It was July 2021 and I was in a funk. Here we were, on the cusp of some semblance of normalcy after more than a year of COVID-19, when the Delta variant threw us all for a loop. For some reason, I took it particularly hard.

One morning I decided to finally tackle the weeds out front. I pulled pokeweed and crabgrass, a bit of clover.

Next to the garage was a tangled mess of a plant, about 2 feet high and 4 feet long. It sure looked like a weed; it was unsightly. I crouched to grab it and pull the thing out—and stopped. There were a couple of little red balls hanging from it. And they looked like tomatoes.

I am not a gardener; any flowers I’ve planted usually end up in a deer buffet. And I’ve never tried to grow food. But these sure looked like cherry tomatoes.

To confirm my suspicions, I asked a gardener friend, who verified that my ungainly specimen was indeed a cherry tomato plant. She graciously popped one of the red balls into her mouth to prove she wouldn’t keel over.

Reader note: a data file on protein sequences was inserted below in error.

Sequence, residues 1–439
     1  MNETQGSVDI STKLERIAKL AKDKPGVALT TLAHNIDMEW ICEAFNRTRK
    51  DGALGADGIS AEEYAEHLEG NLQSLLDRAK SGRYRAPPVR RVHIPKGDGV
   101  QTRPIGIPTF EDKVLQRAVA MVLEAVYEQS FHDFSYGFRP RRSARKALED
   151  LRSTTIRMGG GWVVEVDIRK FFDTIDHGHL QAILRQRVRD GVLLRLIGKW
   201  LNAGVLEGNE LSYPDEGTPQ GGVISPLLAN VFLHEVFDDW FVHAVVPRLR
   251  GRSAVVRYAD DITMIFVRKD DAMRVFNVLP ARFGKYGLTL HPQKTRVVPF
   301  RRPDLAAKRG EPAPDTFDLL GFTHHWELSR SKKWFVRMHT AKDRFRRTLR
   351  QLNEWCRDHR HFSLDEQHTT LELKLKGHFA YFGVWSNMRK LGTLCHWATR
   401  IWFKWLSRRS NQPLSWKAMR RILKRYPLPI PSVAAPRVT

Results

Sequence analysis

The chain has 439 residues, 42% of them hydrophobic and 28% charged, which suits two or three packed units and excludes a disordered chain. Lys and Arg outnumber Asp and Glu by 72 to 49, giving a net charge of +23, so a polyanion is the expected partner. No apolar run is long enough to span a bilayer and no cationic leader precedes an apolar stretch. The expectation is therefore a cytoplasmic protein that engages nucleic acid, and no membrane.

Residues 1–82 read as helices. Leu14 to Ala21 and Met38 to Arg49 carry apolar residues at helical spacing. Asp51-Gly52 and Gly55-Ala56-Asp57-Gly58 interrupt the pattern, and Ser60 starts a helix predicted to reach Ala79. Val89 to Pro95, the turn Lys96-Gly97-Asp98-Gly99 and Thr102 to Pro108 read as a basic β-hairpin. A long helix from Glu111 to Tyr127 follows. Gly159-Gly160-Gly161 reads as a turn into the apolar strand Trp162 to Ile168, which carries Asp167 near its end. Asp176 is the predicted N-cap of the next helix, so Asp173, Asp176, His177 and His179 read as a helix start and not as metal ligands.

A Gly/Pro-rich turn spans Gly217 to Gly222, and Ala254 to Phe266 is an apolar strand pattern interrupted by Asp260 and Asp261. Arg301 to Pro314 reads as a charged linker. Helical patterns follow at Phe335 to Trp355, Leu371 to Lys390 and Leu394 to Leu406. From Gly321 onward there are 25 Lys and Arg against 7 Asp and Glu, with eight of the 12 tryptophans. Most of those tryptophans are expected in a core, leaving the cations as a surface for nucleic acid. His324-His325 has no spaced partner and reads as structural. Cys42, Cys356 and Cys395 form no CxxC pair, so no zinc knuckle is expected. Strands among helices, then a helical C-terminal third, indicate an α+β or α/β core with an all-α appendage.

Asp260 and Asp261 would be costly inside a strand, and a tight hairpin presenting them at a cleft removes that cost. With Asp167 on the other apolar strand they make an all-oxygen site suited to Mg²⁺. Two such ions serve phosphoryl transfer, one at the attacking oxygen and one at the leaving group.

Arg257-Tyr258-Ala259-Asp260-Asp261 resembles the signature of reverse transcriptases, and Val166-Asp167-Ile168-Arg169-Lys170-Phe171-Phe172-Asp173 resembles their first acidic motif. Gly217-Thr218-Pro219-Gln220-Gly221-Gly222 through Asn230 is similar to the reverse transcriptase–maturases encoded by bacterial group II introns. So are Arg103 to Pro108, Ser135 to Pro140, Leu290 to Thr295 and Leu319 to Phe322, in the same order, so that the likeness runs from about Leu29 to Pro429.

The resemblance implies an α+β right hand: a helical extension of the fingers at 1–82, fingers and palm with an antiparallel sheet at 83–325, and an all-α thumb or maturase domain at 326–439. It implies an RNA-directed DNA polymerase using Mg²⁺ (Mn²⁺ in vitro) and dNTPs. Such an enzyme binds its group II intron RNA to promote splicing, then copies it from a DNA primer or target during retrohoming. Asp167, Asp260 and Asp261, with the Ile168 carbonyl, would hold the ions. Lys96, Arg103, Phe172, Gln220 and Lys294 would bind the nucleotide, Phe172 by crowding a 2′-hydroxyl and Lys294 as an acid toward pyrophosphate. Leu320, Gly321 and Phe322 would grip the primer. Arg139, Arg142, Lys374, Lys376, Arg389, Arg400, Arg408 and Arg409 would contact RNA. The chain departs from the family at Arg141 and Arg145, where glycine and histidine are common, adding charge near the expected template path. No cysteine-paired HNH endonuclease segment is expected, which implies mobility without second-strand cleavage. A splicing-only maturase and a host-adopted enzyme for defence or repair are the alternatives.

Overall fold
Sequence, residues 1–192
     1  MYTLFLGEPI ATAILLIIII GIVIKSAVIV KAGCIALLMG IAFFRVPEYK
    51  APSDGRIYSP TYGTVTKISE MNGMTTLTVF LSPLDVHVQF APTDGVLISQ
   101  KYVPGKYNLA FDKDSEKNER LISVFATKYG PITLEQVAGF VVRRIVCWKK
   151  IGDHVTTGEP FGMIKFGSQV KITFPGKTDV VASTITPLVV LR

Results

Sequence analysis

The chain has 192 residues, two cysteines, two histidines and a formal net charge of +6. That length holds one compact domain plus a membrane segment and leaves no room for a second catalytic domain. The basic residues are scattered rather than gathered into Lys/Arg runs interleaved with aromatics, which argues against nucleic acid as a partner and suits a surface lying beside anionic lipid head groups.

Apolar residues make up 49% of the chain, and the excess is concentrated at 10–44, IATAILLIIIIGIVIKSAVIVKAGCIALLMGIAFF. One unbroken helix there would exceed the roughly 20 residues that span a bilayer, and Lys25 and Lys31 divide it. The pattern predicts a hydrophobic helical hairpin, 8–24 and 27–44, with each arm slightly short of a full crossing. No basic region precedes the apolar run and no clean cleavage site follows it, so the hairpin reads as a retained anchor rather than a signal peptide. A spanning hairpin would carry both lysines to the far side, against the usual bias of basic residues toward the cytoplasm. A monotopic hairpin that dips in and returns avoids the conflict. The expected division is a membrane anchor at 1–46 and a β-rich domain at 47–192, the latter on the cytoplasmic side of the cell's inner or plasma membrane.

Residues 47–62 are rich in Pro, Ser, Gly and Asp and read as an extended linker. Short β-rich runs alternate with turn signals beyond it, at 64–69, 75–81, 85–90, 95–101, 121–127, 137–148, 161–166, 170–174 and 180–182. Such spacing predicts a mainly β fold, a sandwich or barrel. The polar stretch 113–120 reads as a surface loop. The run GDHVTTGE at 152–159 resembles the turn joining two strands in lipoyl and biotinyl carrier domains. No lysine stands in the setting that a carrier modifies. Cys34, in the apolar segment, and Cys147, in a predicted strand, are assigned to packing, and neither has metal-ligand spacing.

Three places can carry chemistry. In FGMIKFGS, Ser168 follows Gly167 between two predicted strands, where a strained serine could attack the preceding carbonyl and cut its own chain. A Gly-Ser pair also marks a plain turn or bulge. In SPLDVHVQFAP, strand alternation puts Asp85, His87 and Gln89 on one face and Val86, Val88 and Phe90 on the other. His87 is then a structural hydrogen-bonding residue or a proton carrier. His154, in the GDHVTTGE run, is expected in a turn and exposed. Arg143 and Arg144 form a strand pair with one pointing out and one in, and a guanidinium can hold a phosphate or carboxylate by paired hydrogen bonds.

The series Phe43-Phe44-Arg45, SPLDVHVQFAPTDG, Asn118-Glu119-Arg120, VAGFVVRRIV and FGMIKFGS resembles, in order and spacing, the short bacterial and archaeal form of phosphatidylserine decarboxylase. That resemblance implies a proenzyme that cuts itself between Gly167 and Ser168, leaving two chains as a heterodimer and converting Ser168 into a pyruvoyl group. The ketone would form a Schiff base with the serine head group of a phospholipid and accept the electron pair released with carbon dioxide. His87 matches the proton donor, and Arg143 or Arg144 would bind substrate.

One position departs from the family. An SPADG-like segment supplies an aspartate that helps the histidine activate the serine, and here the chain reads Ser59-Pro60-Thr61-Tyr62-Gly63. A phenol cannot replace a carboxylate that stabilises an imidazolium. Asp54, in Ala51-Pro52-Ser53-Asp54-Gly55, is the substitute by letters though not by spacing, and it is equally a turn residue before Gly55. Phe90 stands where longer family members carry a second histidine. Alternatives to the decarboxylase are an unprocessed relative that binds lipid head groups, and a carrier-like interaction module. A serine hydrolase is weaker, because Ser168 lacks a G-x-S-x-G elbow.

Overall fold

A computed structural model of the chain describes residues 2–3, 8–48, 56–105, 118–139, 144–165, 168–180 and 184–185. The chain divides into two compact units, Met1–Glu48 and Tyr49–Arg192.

It turns out that tomatoes that appear out of nowhere and sprout unplanned are called volunteer tomatoes. Evidently some people don’t like them. They encroach on other plants and can grow in unwanted places.


I was smitten. I checked my volunteers every few days to harvest any that were newly ripe. They were perfect: round, juicy, and sweet. Every time I passed the plant—to get the mail, take out the trash—I’d stop and smile at them.

I didn’t dare do anything to it; the plant clearly had a mind of its own and didn’t need me to help it grow. I did buy netting to cover it. I didn’t want to share my unexpected gift with our local fauna.

How did I end up with the good fortune of volunteer tomatoes? I know it was simply luck, but it was kind of nice to think that they chose to flourish next to my garage. And we’re all entitled to a bit of good luck.


That little rogue plant didn’t yield a lot; maybe 50 to 60 cherry tomatoes. But it kept producing fruit until the end of November.

And it took me out of my funk. Good things can thrive in unexpected places. There is something positive out there.

I took the last remaining tomatoes that hadn’t ripened and planted them along the entire side of the garage. I’m hoping that my volunteers will agree to stay awhile.


Volunteer tomatoes? More like hero tomatoes. This little plant was a happy constant for a few months, something to look forward to.

In a world of uncertainty, fear, and anger, it’s heartening that even a small thing—as small as a cherry tomato—could make an outsized impact, at least for one person.

And to think I almost pulled it out.